The JTF-PO is staffed by more than 70 Airmen from the Kentucky Air National Guard's 123rd Contingency Response Group, based in Louisville. The Kentucky troops are augmented by seven active-duty Airmen from Travis Air Force Base, California, and Joint Base Maguire-Dix-Lakehurst, New Jersey.

116th Air Control Wing logistics planners: on time, every time

by Tech. Sgt. Julie Parker
116th Air Control Wing Public Affairs

10/20/2014 - ROBINS AIR FORCE BASE, Ga. -- Have you ever wondered how military units deploy aircraft, equipment and thousands of people each year, many times on short-notice?

Anyone who has ever deployed knows there is an incredible amount of planning that goes into military operations. That is especially true for the members of 116th Logistics Readiness Squadron Deployment Distribution Flight who are responsible for implementing plans to move people, cargo and military assets downrange.

Short notice or otherwise, the 116th Deployment Distribution Flight plans, processes, and deploys resources 100 percent on time, every time.

Airmen who comprise the flight are a mixture of Georgia Air National Guard and active-duty members, who in 2014 alone processed more than 1,300 Airmen and Soldiers who deployed to forward operation locations around the world with zero discrepancies.

According to Capt. Christopher Swann, the officer in charge of the 116th Air Control Wing deployment section, they are responsible for ensuring the right people and gear make it to the right place at the right time.

"During deployment operations, the flight becomes a deployment control center where the logistics planners are responsible for delegating and monitoring the execution of all things deployment related," said Swann.  "And there is very little room for error."

According to Swann, missing a deadline could mean missing an airlift.

"We ensure the left hand talks to the right and no one gets left out," said Master Sgt. Darrin Srader, a logistics planner with the 461st Air Control Wing.

Logistics planners implement first-hand knowledge of aerospace expeditionary force requirements, current contingency operations, installation deployment readiness and local deployment exercises.

"The job is rewarding and challenging at the same time," said Tech. Sgt. Adam Adair, who has been a full-time Guard member with the 116th Air Control Wing since August 2008.

"Anyone thinking of becoming a logistics planner must be proficient at multi-tasking, have excellent communication skills, and have the ability to learn and adjust quickly to ever-changing processes," said Adair.

"It's their job to think outside the box," added Swann. "Whether the task is deploying a pallet of equipment, a team of people, or a squadron of aircraft, the planners figure out how to get it there with as little airlift support as possible, as soon as possible."

When Airmen and Soldiers return home from deployment, the planners switch gears to the reintegration phase of their job, ensuring all members have the necessary resources for a successful transition.

According to Swann, each deployment presents a different set of challenges, and one of the keys to successful logistics planning is the ability to adapt and overcome.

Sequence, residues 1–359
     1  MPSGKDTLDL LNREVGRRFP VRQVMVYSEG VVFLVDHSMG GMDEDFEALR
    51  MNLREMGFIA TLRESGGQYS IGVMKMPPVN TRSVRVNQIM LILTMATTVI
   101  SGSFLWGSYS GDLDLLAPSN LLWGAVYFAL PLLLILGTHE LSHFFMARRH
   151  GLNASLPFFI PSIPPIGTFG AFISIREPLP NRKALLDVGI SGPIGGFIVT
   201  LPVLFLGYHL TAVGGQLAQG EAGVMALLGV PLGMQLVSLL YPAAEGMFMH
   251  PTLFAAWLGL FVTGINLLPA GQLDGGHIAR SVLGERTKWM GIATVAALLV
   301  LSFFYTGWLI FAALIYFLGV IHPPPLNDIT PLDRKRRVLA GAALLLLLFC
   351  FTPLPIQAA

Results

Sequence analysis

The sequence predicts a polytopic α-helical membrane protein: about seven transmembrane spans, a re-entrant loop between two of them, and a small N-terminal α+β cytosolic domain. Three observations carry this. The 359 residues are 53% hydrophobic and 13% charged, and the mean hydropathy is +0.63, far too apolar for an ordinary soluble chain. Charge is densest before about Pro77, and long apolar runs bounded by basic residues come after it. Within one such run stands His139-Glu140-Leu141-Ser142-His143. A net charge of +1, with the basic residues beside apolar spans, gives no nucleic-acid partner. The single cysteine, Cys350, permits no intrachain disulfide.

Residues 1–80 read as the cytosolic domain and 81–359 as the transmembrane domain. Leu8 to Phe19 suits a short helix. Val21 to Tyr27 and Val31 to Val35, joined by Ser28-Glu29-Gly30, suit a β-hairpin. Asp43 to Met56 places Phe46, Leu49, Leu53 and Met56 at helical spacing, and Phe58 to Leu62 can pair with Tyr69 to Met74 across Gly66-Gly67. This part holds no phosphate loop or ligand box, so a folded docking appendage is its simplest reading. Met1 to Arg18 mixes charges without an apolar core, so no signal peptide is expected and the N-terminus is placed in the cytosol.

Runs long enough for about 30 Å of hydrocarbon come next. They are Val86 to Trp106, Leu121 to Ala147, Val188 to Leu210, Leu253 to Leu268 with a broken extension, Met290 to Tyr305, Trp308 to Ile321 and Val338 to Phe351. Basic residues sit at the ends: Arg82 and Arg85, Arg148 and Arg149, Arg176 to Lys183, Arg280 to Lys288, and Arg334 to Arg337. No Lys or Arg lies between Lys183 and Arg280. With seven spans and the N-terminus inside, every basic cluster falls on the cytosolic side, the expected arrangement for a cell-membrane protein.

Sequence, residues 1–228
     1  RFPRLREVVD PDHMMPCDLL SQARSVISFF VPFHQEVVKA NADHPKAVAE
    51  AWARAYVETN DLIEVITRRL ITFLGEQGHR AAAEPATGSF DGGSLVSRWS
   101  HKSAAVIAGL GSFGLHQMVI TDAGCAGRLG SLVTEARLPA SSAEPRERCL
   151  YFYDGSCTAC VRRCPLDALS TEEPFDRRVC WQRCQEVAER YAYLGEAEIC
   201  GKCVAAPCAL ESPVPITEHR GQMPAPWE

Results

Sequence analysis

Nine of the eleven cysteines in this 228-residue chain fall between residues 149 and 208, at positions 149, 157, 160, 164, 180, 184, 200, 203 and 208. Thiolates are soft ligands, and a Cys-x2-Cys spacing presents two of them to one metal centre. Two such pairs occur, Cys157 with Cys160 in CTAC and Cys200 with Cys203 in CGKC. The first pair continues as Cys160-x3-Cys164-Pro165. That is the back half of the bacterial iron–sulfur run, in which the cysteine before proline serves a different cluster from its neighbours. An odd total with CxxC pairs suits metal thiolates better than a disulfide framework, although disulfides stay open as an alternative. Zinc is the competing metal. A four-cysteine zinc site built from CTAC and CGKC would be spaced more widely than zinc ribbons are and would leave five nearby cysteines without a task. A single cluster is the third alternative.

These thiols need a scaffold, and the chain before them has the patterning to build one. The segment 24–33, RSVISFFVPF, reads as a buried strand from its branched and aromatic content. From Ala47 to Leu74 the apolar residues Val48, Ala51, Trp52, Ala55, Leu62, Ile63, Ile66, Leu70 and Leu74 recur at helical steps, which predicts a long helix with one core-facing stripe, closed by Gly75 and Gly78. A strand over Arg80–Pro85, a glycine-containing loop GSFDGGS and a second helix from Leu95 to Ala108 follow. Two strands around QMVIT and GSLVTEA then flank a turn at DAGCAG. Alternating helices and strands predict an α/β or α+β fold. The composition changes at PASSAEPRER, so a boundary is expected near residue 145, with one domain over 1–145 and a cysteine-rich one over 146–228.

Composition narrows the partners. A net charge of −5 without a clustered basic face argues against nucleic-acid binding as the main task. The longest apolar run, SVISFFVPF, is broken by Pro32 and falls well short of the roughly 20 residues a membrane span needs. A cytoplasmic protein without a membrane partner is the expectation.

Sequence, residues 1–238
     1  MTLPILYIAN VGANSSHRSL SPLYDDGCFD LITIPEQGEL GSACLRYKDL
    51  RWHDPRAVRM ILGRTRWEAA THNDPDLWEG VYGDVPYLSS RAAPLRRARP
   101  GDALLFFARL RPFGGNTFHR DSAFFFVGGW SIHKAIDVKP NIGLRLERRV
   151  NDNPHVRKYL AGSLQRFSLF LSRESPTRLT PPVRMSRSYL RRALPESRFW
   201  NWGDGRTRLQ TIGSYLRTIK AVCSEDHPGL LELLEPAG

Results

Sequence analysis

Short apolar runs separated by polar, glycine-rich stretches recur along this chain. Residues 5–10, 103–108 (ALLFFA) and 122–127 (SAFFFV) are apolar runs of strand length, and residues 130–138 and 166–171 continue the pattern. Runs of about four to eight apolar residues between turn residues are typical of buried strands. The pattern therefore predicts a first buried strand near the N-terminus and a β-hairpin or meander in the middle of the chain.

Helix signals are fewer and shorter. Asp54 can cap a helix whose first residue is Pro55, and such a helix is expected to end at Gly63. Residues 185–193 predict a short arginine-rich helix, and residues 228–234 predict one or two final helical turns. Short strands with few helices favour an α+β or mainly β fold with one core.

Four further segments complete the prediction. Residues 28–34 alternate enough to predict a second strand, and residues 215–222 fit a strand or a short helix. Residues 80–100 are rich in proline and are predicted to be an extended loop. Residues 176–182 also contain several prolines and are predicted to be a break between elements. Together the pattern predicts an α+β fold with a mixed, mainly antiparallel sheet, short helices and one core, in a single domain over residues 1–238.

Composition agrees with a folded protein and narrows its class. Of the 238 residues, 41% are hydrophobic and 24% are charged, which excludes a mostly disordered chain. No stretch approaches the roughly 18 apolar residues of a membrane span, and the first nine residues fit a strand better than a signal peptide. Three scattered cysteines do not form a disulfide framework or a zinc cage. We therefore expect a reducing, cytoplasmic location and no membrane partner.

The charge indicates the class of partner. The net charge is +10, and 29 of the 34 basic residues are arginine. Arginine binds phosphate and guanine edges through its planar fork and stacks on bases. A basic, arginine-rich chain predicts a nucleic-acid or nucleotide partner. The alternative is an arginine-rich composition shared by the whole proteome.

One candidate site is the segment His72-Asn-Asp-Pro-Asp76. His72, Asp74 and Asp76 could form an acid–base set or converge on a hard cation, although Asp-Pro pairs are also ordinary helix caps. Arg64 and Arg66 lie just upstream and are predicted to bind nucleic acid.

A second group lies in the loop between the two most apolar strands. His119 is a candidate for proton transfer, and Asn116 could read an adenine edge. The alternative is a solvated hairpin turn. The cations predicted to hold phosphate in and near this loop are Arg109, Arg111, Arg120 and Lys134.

"At the end of the day, it's about getting things done quickly and efficiently," said Adair.

Fly with the Delaware National Guard

by Tech. Sgt. Benjamin Matwey
166th Airlift Wing Public Affairs

10/20/2014 - NEW CASTLE AIR NATIONAL GUARD BASE, Delaware -- If you've ever stared off into the clear blue sky and dreamed of sailing off into it; if you've ever gazed up at a gentle layer of pure white clouds and wondered what it was like to glide along the top of it; if you've ever felt that patriotic sense of pride well up inside of you and wanted to do something about it; if you think a career in aviation sounds exciting to you - then you should know that the Delaware National Guard offers two extraordinary opportunities to fulfill your dreams of taking flight while serving your state and your nation.

Delaware Air Guard crew positions and aircraft

If you wish to be a crew member on a fixed wing aircraft you have the opportunity to take to the air in the C-130 Hercules transport, the versatile tactical airlift aircraft operated by the Delaware ANG from the New Castle ANG Base, Delaware.

Delawareans have seen our Lockheed C-130H model aircraft flying into the wild blue yonder to perform local training or humanitarian missions or to deploy overseas since our factory-fresh aircraft arrived in the mid-1980s.

The Delaware ANG's 166th Airlift Wing operates eight C-130Hs with about 120 air crew assigned to its four crew positions - pilot, combat systems officer (CSO; previously called a navigator), flight engineer (FE) and loadmaster.

The wing's flying unit, the 142nd Airlift Squadron, has approximately 40 pilots, 20 CSOs, 20 flight engineers and 40 loadmasters. The normal air crew compliment is five with two pilots; the aircraft commander and the co-pilot. The total air crew equals 10 percent of the wing's 1,200 members.

The 166th AW is one of 19 ANG units and about a dozen Active-duty and Air Force Reserve locations that operate over 400 C-130s and its variations. The Air Force is considering several modifications to extend the useful life of the C-130H aircraft.